FDA Warns Women Of Childbearing Age About Risks of Vinpocetine Supplement

The U.S. Food and Drug Administration (FDA) is warning consumers about an ingredient called vinpocetine that is found in dietary supplements, and the organization is specifically concerned about the use of this ingredient by women of childbearing age.

In a press release on Monday, the FDA said it has reason to believe that consumption of vinpocetine may cause a miscarriage or harm to fetal development. Their findings are based on data that includes a 2019 report by the National Institute of Health's (NIH) National Toxicology Program (NTP).

Vinpocetine—also known as Ethyl Apovincaminate, Common Periwinkle Vinpocetine, Lesser Periwinkle extract or Vinca minor extract—is a synthetic compound derived from vincamine, a substance found naturally in the leaves of the periwinkle plant called Vinca minor.

Vinpocetine is mainly marketed as a dietary supplement for cognitive enhancement, Alzheimer's, dementia and ischemic stroke. However, some products with vinpocetine are marketed towards students as supplements for increased cognitive performance, or brain function. The ingredient is also known to be used by bodybuilders to enhance visual acuity, memory and focus—and to rapidly reduce body fat, the NIH report said.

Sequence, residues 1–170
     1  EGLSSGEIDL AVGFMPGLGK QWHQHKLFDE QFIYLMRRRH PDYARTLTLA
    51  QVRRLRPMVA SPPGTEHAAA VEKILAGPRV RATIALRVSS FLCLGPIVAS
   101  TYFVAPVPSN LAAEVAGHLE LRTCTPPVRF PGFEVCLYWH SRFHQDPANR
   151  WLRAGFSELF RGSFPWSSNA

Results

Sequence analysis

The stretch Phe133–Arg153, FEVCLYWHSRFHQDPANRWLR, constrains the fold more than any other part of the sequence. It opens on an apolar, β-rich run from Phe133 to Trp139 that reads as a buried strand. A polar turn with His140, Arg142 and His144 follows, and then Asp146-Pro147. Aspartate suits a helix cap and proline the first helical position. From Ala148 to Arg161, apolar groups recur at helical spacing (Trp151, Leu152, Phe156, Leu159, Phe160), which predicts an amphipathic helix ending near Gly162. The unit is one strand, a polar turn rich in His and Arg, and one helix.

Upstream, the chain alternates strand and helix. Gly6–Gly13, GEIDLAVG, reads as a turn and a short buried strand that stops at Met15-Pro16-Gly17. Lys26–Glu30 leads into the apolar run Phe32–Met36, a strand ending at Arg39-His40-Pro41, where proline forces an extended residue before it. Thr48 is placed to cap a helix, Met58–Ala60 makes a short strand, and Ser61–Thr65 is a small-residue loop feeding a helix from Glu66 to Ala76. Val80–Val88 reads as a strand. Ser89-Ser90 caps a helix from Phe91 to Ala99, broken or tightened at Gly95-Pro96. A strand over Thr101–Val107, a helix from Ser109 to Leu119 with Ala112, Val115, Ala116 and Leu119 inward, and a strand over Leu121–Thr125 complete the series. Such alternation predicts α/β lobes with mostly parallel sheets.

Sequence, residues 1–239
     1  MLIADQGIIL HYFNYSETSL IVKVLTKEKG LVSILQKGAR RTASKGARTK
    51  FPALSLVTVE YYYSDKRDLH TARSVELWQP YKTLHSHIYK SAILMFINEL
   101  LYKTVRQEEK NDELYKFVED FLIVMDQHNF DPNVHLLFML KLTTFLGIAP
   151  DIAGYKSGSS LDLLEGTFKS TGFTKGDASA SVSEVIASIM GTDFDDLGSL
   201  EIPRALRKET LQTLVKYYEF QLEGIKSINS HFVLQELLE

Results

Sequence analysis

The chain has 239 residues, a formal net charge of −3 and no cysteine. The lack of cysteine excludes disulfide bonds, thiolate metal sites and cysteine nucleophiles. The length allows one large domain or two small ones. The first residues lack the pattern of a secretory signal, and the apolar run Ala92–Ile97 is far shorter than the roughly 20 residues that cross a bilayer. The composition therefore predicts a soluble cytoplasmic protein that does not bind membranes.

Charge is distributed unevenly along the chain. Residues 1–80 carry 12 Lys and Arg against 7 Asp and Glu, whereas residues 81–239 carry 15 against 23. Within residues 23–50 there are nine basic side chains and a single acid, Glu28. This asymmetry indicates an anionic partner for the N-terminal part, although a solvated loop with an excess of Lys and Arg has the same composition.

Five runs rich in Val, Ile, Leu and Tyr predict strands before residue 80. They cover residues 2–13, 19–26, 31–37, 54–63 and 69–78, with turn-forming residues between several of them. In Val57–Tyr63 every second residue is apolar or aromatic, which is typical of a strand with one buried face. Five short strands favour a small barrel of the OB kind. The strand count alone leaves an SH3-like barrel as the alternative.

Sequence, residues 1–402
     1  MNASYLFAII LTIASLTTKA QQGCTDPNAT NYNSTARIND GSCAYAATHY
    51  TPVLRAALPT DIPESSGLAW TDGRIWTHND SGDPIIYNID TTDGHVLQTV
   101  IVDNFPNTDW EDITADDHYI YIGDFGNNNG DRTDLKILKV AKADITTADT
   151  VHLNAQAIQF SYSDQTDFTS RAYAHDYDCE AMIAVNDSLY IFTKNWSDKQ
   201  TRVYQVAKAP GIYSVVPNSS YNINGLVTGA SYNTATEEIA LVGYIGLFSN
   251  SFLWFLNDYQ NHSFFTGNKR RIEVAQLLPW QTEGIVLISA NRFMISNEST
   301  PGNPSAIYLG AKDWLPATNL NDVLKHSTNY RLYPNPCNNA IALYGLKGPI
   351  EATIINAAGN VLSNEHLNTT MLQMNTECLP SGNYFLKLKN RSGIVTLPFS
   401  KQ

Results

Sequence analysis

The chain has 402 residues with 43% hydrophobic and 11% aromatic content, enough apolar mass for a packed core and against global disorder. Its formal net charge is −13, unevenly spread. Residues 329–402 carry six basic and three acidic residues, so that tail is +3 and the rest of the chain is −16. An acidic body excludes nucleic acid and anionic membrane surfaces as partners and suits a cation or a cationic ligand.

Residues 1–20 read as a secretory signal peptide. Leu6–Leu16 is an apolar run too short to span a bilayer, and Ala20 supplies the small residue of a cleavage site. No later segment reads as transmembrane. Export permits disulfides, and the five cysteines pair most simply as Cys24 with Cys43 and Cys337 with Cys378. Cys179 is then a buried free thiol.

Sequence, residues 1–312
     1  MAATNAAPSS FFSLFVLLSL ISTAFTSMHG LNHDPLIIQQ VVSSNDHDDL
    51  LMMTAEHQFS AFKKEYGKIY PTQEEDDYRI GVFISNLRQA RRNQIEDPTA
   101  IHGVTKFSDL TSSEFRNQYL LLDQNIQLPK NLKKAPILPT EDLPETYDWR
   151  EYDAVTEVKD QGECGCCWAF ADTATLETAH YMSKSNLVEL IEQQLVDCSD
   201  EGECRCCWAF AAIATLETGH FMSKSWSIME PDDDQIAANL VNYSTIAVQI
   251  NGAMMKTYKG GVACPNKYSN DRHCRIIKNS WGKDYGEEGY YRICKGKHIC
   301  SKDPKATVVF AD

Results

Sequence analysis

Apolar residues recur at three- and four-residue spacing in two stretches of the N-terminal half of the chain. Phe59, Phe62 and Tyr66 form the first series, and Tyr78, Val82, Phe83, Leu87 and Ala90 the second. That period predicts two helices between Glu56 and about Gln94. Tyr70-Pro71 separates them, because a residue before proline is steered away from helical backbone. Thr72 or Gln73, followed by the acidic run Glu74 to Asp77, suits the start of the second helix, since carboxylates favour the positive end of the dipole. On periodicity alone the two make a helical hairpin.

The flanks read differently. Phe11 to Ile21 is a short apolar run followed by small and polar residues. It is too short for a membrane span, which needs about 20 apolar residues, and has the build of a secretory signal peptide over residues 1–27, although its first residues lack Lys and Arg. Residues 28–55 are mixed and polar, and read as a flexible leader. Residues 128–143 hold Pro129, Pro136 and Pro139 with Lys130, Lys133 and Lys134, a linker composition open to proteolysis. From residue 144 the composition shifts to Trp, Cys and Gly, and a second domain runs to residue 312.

The findings are disconcerting to the FDA because products containing vinpocetine are marketed towards, and widely available for use by, women of childbearing age.

Vinca minor
Vinca Periwinkle, Vinca minor, the common periwinkle evergreen shrub in springtime in Swinbrook in the Cotswolds, Oxfordshire, UK. Getty/Tim Graham

In 2016, the FDA reportedly proposed to ban vinpocetine, as it argued the product was synthesized in a laboratory and thus failed to meet the legal definition of a dietary supplement that consisted exclusively of natural ingredients.

The Dietary Supplement Health and Education Act (DSHEA) of 1994 defines dietary supplements as a type of food, which put them under different regulations than drugs. The Act says that dietary supplements cannot contain anything that may have "a significant or unreasonable risk of illness or injury" when the supplement is used as directed on the label, or with normal use if there are no directions on the label. If they do, they're considered unsafe. Supplements are, however, considered safe until proven otherwise.

Federal law doesn't require dietary supplements to be proven safe, to the FDA's satisfaction, before they are marketed and available for use. However, it's illegal to market a dietary supplement product as a treatment or cure for a specific disease or to alleviate symptoms of a disease.

The FDA's website tells consumers to be wary of a product that is advertised as "natural," as such a description doesn't ensure that the product is beneficial or safe.